Tag: dentistry

Patient Safety Weekly Must Reads (March 4, 2017)

This week in #patientsafety, we shared an article on opioids in dentistry by Bradley Truax, MD. Outpatient Surgery covered our position statement on patient ambulation. From around the web, NPR wrote about dentists working to use fewer opioids, a hospital reduced nuisance alarms by 30%, and The Joint Commission issued a new Sentinel Event Alert on developing a culture of safety.


Patient Safety Tip of the Week: Dental Patient Safety. As part of our efforts to bring in expert viewpoints from across the #patientsafety community, we have reposted an article on dental patient safety (with permission).

Push to Make Ambulation a Key Patient Recovery Metric. Outpatient Surgery covered our position statement on patient ambulation.

From Around the Web:

Dentists Work To Ease Patients’ Pain With Fewer Opioids. Dr. Joel Funari performs some 300 tooth extractions annually at his private practice in Devon, Pa. He’s part of a group of dentists reassessing opioid prescribing guidelines in the state.

Hospital’s program reduces nuisance alarms 30 percent. Nurses at Palomar Health in California were part of a study designed to reduce alarm fatigue. The health system decreased its alarms by nearly 30 percent.

Sentinel Event Alert 57: The essential role of leadership in developing a safety culture. “Competent and thoughtful leaders contribute to improvements in safety and organizational culture,” says The Joint Commission.

No Child Should Ever Die from Elective Dental Anesthesia

By Annie Kaplan, MD, Michael Wong, JD (Executive Director, PPAHS), and Patricia Salber, MD, MBA (Editor-in-Chief,  The Doctor Weighs In)

Caleb Sears was a healthy 6-year-old boy who was looking forward to ice cream treats after his elective dental surgery. Before his dental extraction, Caleb’s parents were told that, despite being generally safe, intravenous anesthesia has a risk of serious complications, including brain damage and death. What they weren’t told was that anesthesia standards of practice vary in different settings. And, most importantly, that the risk goes up substantially when the oral surgeon is responsible for monitoring the effects of anesthesia at the same time that he is doing the operation. Continue reading “No Child Should Ever Die from Elective Dental Anesthesia”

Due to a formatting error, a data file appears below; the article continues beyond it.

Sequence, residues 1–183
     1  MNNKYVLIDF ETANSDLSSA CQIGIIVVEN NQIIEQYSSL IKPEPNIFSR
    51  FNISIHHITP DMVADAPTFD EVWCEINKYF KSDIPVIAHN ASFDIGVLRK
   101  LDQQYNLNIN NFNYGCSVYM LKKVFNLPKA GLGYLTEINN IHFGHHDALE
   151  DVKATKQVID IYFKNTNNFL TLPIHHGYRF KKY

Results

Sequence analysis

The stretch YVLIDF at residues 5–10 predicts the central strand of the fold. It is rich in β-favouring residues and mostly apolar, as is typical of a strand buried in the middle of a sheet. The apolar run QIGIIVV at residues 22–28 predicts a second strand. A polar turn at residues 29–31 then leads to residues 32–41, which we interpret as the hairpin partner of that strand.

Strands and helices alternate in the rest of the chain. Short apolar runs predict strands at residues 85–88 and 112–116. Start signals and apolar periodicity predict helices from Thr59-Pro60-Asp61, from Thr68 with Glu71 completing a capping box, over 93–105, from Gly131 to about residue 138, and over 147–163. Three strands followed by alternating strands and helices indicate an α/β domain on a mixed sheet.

Dentistry and Death: More Laws or More Education?

By Michael Wong, JD (Executive Director, Physician-Patient Alliance for Health & Safety)

Editor’s Note: Last week, we asked whether the use of birth control is a patient safety risk because of possible development of blood clots. In this post, the question is – do we need more laws or more education to help prevent anesthesia-related deaths in dental procedures and oral surgery.

Most people would not associate dentistry with death – discomfort perhaps – but not death.

However, the death of Caleb Sears forces us to consider the possibility of death in dentistry – or, more accurately, oral surgery:

Caleb Sears was a healthy six-year-old living in the Bay Area. He was in his first year of elementary school and just starting to read and write. He loved playing with his little sister, climbing trees, singing Les Miserables, and making up funny stories about llamas and time machines. Continue reading “Dentistry and Death: More Laws or More Education?”